Cold Turkey

After 20 years at the coalface, I find I am fed up with politics. A veteran of fifteen campaigns, three successful personal elections, two decades of various party offices and sixteen years representing my home town all piles up and renders this grizzled grognard fatigued. But my energy is high as ever and is probably more potent than ever; long experiences better directs its focus, as opposed to spraying invective all over the place. And tilting at windmills of smug bureaucracy still engages me as much as it ever did.

But the ‘higher’ levels of politics (no, I don’t really see them that way either) have slowly declined into an example of squalid, self-serving opportunism. I once thought I had escaped that, left it behind in the volatile egos of Silicon Valley and the corporate lawyers, management consultants and $250/hr therapists who feed off them. We are, it appears, all living in a village more global than I had bargained for.

This realisation began last week as I witnessed yet another stylised Punch-and-Judy Show masquerading as Prime Minister’s Questions and—despite spending the next two days in the detached idyll that is St Andrews, with the poetic creativity of the StAnza festival, floods of energetic students and an Oktoberfest-in-March oompah band—I was brought low by Labour’s one-day conference. More specifically, by the speech made there by one Davie Hamilton soon-to-be-ex-MP.

Despite the furore he caused in social media, what he said wasn’t so terrible. But his tone, a knuckle-dragging tirade that was as evilly aggressive as it was passionately authentic, made my heart sink. And when more balanced members who should know better like my own MSP Iain Gray, Edinburgh South CLP Chair Duncan Hothersall and high-hied-yin Jim Murphy all praised him, I felt ashamed to be associated with the hale clamjamfrey.

All this is not new. Half a century ago, media in general and interviewers in particular were deferential to a fault. Some politicians took advantage of this but, generally, the calling was seen as public service for which standards must be kept high. But the last politician who got it wrong and fell on his sword in acknowledgement was Lord Carrington for underestimating Argentinian aggression. That was 33 years ago—ancient history now.

Examine the front benches either side at Westminster. Within the phalanx of lawyers and never-had-a-real-job politicians two motivations flow effortlessly without regard to policy or creed: 1) Survival and; 2) Power. Though there are doubtless principled MPs lurking in the backbench wilderness, the proliferation of ministers and their shadows to almost 200 has inbred a mentality that exhibits all the rentaquote characteristics of automatons.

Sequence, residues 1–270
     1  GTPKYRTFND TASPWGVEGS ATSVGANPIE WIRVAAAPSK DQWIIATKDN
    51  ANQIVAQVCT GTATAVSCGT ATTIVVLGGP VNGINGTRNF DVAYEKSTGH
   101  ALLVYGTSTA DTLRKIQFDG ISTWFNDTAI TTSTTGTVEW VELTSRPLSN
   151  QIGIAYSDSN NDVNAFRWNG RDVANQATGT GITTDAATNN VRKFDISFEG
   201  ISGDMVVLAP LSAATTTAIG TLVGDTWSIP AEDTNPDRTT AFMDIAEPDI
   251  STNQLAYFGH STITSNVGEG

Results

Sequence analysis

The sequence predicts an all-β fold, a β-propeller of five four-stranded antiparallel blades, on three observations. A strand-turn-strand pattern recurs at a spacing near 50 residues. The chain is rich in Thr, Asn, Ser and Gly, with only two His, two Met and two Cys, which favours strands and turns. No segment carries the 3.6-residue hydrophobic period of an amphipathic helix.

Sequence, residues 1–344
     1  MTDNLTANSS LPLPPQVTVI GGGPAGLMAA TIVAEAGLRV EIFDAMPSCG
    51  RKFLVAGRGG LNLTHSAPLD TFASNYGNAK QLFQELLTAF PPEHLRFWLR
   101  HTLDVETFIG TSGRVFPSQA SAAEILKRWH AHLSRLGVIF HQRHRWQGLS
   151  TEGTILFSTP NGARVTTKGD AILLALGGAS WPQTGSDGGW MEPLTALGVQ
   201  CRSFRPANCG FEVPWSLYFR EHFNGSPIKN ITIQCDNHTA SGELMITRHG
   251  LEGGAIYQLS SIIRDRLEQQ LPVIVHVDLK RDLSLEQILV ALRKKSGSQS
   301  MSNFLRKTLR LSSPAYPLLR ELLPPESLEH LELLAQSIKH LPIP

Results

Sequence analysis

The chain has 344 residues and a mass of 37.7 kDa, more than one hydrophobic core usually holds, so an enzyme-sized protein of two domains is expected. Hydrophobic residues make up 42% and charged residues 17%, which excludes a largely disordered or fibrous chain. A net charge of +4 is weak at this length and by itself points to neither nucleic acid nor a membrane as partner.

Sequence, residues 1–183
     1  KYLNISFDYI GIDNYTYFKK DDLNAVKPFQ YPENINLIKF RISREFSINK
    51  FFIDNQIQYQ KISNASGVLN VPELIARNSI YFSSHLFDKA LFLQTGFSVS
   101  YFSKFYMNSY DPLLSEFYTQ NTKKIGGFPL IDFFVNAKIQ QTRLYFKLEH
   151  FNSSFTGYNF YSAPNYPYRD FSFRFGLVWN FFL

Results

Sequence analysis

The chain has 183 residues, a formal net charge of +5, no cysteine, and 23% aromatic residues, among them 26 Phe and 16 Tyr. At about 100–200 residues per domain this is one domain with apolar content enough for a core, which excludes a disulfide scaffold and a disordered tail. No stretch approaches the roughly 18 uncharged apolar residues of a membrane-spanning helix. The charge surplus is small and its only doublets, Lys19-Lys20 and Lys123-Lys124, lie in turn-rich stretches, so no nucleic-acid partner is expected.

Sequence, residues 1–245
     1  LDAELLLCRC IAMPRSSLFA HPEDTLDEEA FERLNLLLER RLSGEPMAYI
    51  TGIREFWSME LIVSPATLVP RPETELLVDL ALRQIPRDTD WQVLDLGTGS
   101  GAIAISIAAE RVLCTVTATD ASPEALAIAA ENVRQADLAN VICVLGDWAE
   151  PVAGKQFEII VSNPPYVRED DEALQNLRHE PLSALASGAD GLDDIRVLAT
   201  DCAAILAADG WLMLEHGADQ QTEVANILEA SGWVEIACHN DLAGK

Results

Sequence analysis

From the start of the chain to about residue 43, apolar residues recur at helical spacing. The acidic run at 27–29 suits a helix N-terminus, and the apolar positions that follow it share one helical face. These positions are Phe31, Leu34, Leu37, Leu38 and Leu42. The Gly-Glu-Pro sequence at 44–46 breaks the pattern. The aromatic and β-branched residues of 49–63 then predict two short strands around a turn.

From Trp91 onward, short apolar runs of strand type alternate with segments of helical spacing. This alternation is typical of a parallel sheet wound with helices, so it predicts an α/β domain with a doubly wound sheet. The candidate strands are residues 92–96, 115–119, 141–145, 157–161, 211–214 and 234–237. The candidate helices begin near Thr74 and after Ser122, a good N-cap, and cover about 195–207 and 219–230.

I’ve lost count of the Politics Today or PMQs or Newsnights or Marr Shows or (sad to say) FMQs to which I have paid serious attention. But I now come to wonder why I bothered. Recently, none have added to the sum of my—let alone human—knowledge. And it almost doesn’t matter who’s in the firing line. This weekend, Philip Hammond batted as Foreign Secretary just as stolidly as he had previously as Defence Secretary; Angela Eagle, rolled out yet again as Shadow Energy Secretary, was again a safe pair of hands. Both were more than competent and—to the recently landed Martian—apparently informative and sincere.

But it is what the Germans call an “Affentheater” the illusion of theatre because primates are going though human motions that could be relating a story. From the remotest constituency office all the way to the dispatch box, Punch and Judy ply their trade using sound bites as clubs and societal shorthand for meaning. Were it all a symposium on quantum physics, it could be left to Scrödinger’s illuminati to pass judgement on performance and underlying ability in that esoteric field.

But this is about life. This is much too important to abandon to a self-serving priesthood of insiders who spend PMQs baying for blood while their gladiators on both front benches circle each other to give it to them than to enlighten the general public watching. Those with the partisan interest of a well thumbed membership card may rejoice when their lions rip unwary Christians to shreds. But, despite repeated admonishments from the Speaker, there seems alternative to testosterone-induced chest-butting and the baffled alienation of the 60-odd million Britons who are turned off by it all.

And so, at whichever party rally the next Davie Hamilton rabble-rouses with over-abrasive invective at unbelievers, real debate will continue to ossify, policy will derive from ever-shorter-term tactical advantage and politicians will be winnowed down to a sly few who know the right people, spout the right sound bite and never, ever expose themselves as a hostage to fortune by making any real, accountable commitments.

So, please forgive this squirming disillusionment with those who pull down $65k a year, finger our billions and deploy nuclear warheads, yet put nursery kids to shame on maturity. Should real debate break out or an idea benefitting society (as opposed to its administrators) before May 7th, I may find motivation to pay attention again. But meantime, I think I’ll abandon party politics and go highbrow by following darts or mud wrestling.

About davidsberry

Local councillor, tour guide and database designer. Keen on wildlife, history, boats and music. Stood for the Scottish Parliament 2011; lost by 151 votes.
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